Tag: Bike Racing

Monica Finalizes Her Bucketlist

Checklist before moving to Ireland:

Buy plane ticket:

Pack apartment:

Podium in a crit: ☑ (and then some)

Two Monkey's on a Podium

Two Monkey’s on a Podium

What I didn’t know when I took up cycling was how much teamwork goes into every race. You work together, you work for one another, you “throw down thank you’s” as Julie Kuliecza from Hagens Berman would say. So often this goes unrecognized, especially at the amateur level, but not anymore. I have been so incredibly fortunate to race with Michelle Moore, and Waukesha, WI was a prime example of this.

Upon arriving in Waukesha, the temperature was already heating up (95 degrees to be exact). We rolled up to the start line, looked at the small field, and Michelle turned to me and said  “we got this.” Now, after having raced every single weekend for the last 10 weeks, my legs were definitely not at their prime, and the heat wasn’t helping. The whistle blew, we both clipped in quickly, and took off.


It was a short course with tight turns, which bode well for both of us, as we learned how to take corners at full speed from the one and only Sarah Rice. We began working together right off the start, taking turns pulling, communicating what was going on. When we sat up in lap 3 to look back and see who was on our wheels, we saw…nothing. We already had a gap. It was on!

We never let off the gas, and spectators on the sides continued to yell our time gap from the pack, which grew larger each lap. As we crossed the start/ finish line with about 10 laps to go, the announcer yelled “Prime! Prime! Spidermonkey Vs Spidermonkey!” We both giggled, put our heads down, and picked up the pace.  I told Michelle to go for it, and her reply was “well don’t just let me have it.” I laughed and replied “I don’t care about the $20, I just want to be on a podium before I move.”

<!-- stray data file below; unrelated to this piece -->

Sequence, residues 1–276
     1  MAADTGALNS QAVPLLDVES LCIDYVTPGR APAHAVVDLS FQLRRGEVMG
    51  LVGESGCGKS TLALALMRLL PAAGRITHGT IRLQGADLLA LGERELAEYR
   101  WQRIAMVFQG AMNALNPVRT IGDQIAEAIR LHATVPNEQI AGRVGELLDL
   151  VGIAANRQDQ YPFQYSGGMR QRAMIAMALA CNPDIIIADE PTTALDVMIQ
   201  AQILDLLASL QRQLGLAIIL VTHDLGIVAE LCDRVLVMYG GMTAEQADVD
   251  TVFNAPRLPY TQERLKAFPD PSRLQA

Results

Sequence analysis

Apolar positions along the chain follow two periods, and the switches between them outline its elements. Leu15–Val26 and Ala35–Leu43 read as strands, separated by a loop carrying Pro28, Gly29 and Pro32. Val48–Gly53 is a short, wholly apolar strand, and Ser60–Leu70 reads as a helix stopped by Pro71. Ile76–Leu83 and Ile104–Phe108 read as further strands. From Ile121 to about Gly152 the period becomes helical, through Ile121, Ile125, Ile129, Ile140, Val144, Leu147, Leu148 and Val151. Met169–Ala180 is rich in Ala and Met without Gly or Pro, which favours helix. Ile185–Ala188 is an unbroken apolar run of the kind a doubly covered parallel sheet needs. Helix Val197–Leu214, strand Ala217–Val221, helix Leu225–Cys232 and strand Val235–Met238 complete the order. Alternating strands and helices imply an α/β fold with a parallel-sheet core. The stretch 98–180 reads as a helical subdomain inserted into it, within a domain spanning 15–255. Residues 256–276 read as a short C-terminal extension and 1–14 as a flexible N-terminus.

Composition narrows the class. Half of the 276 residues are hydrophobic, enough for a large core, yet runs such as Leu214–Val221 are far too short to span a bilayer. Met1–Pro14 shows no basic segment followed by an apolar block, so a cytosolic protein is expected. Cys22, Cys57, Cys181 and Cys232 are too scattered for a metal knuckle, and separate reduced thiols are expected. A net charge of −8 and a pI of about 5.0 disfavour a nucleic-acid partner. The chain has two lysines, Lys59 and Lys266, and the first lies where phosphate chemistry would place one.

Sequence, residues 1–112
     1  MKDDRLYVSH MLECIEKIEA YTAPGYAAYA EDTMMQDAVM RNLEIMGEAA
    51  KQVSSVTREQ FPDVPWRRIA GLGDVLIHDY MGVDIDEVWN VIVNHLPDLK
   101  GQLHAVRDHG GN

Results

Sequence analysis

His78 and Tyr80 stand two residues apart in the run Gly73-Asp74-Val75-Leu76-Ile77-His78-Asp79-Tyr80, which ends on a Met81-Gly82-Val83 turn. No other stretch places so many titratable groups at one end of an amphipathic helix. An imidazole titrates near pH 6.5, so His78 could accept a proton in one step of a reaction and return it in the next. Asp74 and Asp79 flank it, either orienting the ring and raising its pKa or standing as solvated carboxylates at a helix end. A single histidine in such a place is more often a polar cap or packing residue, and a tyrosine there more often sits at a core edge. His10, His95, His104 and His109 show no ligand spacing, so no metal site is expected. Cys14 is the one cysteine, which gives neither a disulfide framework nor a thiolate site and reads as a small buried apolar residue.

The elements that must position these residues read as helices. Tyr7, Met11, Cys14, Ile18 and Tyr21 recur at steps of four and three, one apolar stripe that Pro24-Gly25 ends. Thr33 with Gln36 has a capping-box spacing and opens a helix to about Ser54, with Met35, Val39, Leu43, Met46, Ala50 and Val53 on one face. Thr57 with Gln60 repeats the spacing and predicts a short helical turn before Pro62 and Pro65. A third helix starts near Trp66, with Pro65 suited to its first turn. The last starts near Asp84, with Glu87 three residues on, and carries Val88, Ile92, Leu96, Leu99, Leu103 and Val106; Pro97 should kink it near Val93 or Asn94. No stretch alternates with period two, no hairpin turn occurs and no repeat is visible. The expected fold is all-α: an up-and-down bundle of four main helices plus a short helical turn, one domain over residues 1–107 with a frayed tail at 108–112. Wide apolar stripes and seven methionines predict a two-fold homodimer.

Teamwork makes the Dream work

Teamwork makes the Dream work

Soon enough, we had lapped the field, and we heard from the side “74 second gap!” As we passed lapped riders, we would encourage them to grab our wheels to pull them along. The majority of them were young, so we tried to look at this as a teachable moment.

As we saw two laps to go; Michelle turns to me and says “We are going 1-2. I will pull, you sprint off me!” I replied, “I don’t need to win, I just want to stand on a podium.” Michelle said, “eff that, we are getting you on the top step today!” We turned the final corner, I sprinted from behind her wheel, and for the first time, felt the joy of crossing the finish line first.

We stood on the podium, grins on our faces, knowing there were TWO Spidermonkey’s on ONE podium. When the official brought over the cow spotted race leader jersey, (or Walter spotted, for those who know the Spidermonkey’s obsession with our friend Walter the Cow from Galena), I had a look of shock, disbelief, and pure excitement. When I first started racing, I never thought I would be able to hang in the pack, let alone podium in a race. Michelle was right, there is nothing better than the high of standing on a top step for the first time. In fact, I’m still floating on the cloud.


Michelle was there last year the day I started racing (and kindly offered me her inhaler to calm my nerves). She has been there to witness the good races and the bad races, and became one of my race mentors. We have worked together as teammates, throwing down thank you’s, sacrificing our legs to pull and sprint for one another. She, and the rest of my Spidermonkey teammates, have been prime examples of how teammates should, and can, work together, and learn from one another, be it your first race together, or your last race together.